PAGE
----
TRENTON - It's Monday morning, so let's discuss death. The state Legislature is set to vote today on physician-assisted suicide, making New Jersey the eighth state in the union that allows "aid in dying." Residents with a terminal, incurable, irreversible disease would have the legal right to decide how and when to die. This has all been a tremendous source of debate over the past six years, as you can imagine, as many religious leaders and disability advocates are worried such a law could lead to premature death, and perhaps some patients could actually outlive the diagnosis. More protections have been thrown into the bill to protect patients, and now it's up to state lawmakers to figure this all out. Delicately.
TRENTON - It's still Monday morning, so let's discuss death: of the pot bill. State lawmakers are scheduled to vote on the recreational marijuana bill today, finally, and the big, burning question is if Gov. Phil Murphy has the votes. State legislators report the governor has been working the phones furiously to arm-twist the state Legislature. Yet it remains unclear if there will be a vote to make New Jersey the 11th state to legalize, tax, and regulate recreational marijuana for adults 21 and older. (Meanwhile, 60 towns have already vowed to ban it locally.) At this point, it's become tedious to report the same story, over and over, for 18 months. Many are just praying for a resolution, one way or the other.
TRENTON - More death: Rumors of the death of the Affordable Care Act have been greatly exaggerated ever since the law was signed on March 23, 2010. As a Presidential candidate and as a President, Donald Trump has been hanging garlic wreaths on it, trying to drive stakes through it, and doing whatever else he can to kill it. Gov. Phil Murphy is a big supporter of the so-called "ObamaCare" and has announced New Jersey is going to take control of the state's health insurance exchange so that it can give more residents access to affordable health insurance. A dozen other states and the District of Columbia already operate their own marketplaces. NJ Spotlight explains why this is all important to you.
ATLANTIC CITY - It's an iconic boardwalk, and apparently it's falling apart. With summer tourists on the horizon, the Casino Reinvestment Development Authority is throwing $500,000 toward emergency repairs, but thinks $50 million is desperately needed to rebuild the entire strip, the Press of Atlantic City reports. Anyone walking, running or skipping along the boardwalk is quick to note the splintering boards with holes, and other wood strips that are bulging. As no one exactly has an extra $50 million (besides, say, the Borgata), let's assume emergency repairs will continue, as needed.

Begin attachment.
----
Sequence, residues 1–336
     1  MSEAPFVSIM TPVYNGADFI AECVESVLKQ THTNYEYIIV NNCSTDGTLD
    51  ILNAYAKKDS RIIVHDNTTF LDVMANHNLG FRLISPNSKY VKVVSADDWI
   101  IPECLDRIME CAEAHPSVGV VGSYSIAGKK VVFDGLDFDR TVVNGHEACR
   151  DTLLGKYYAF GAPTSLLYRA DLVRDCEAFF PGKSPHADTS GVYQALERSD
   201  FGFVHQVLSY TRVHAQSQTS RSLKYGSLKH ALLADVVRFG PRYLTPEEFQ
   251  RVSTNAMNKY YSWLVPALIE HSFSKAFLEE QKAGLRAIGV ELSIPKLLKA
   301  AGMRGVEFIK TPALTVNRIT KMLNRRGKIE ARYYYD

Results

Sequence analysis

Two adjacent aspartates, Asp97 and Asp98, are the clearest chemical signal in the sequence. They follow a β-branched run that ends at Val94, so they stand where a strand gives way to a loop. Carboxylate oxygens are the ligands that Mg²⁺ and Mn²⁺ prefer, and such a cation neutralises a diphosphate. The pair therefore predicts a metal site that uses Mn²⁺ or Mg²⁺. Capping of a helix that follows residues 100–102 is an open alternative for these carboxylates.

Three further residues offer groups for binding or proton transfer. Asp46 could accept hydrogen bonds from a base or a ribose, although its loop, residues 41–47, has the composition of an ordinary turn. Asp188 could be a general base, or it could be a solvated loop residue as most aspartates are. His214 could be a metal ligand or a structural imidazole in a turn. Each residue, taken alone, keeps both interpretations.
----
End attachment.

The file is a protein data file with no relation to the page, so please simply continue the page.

PATERSON - Fifth graders in a remedial math class apparently went gaga over their teacher's figure, not any in their textbooks. Now, the 36-year-old teacher is suing the Community Charter School for permitting sexual harassment. The Paterson Press says her lawsuit accuses students of asking her about oral sex; shoving their hands down their pants because she "aroused" them; making "hip thrusting motions" behind her, and posting an online video of her butt. She also claims the school did nothing to help, then unfairly dismissed her. School officials say they are "committed to creating a workplace ... free of harassment or discrimination." Start by telling that to a jury.
ELIZABETH - The message for students: STEM education is their future.Learn, embrace and succeed with computer technology - except when it comes to stealing your teacher's password to change grades. Some city students are in a heap of trouble for thieving their way into the school's system, while others are being accused of fiddling with attendance records. The school superintendent is vowing that consequences are "likely to be severe" for "the poor choices" these kids made, NJ.com reports. Elizabeth teens are not the only ones putting their STEM education into practice in the wrong ways. In February, four Jersey City high school students stole a teacher's password to change their grades and fix those of six friends. Damn that STEM.
IN OTHER IMPORTANT NEWS
ROCHESTER, N.Y. - Not only does beer taste great, it's apparently the ideal processing agent for your Super 8 movie film. That's not a negative selling point for Dogfish Head Craft Brewery, which created its "SuperEIGHT" beer after talking to the people at Kodak. (Editor's note: Kodak still exists? Reel-ly??) Dogfish apparently learned from the one or two people still employed at Kodak that heightened levels of acidity and vitamin C in certain beers are ideal as a processing agent for film. That inspired the brewery to design such a beer, with the Kodak people having plenty of time in their day to fully test it. Now the owner of Dogfish wants to be a celluloid hero, documenting his summer vacation on Super 8 film and using his beer to process it. Take a pitcher; it will last longer.
THIS DAY IN HISTORY
It was this day in 2014 that Girl Scout Katie Francis managed to break the record for selling cookies - managing to take orders for 18,107 boxes over a seven-week period. No clue what happened to little Katie since, but let's just assume she will soon be marketing the iPhone 11.
WORD OF THE DAY
Crapulence - [KRAHP-yə-ləns] - noun
Definition: The discomfort that follows overindulgence in food (not a smoldering pile of excrement, as some users of the word may believe)
Example: I'm suffering from a bout of crapulence today, after eating 18,107 boxes of cookies. Damn that little Katie Francis!
WIT OF THE DAY
"I went to a meeting for premature ejaculators. I left early."
- Jack Benny
WEATHER IN A WORD
THE NEW 60
A Jaffe Briefing Exclusive
by Andy Landorf & John Colquhoun